I’m Over the Moon, by Brenda Shaughnessy — I don’t like what the moon is supposed to do. Confuse me, ovulate me, spoon-feed me longing. A kind of ancient date-rape drug. So I’ll howl at you, moon, I’m angry. I’ll take back the night. Using me to swoon at your questionable light, you had me chasing you, the world’s worst lover, over and […]

Imperatives, by Marilyn Buck — Bring me out mine the wild abandon that was mine once when I was seventeen a young wraith in black bells ringing in flight wrapped around a young man’s back on a BMW that wound up mountains to a naked lunch on ice-planted crags pounded by the Pacific once when I was thirty entrancing from […]

Let Evening Come, by Jane Kenyon — Let the light of late afternoon shine through chinks in the barn, moving up the bales as the sun moves down. Let the cricket take up chafing as a woman takes up her needles and her yarn. Let evening come. Let dew collect on the hoe abandoned in long grass. Let the stars appear and […]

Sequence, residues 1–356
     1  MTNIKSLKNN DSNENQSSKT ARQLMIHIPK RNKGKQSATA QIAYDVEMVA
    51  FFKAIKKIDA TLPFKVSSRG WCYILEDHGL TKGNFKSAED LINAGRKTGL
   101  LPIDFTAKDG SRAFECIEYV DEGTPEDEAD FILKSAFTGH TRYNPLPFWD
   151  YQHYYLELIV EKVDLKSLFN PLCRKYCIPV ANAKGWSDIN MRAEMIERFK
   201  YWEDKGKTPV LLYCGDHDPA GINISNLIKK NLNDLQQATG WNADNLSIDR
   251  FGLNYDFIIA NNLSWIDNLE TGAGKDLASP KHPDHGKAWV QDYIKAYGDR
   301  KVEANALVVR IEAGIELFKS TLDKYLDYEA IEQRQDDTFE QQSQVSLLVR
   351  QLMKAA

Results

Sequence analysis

Mass for the Day of St. Thomas Didymus [excerpt], by Denise Levertov — ii Gloria Praise the wet snow falling early. Praise the shadow my neighor’s chimney casts on the tile roof even this gray October day that should, they say, have been golden. Praise the invisible sun burning beyond the white cold sky, giving us light and the chimney’s shadow. Praise god or the gods, the unknown, […]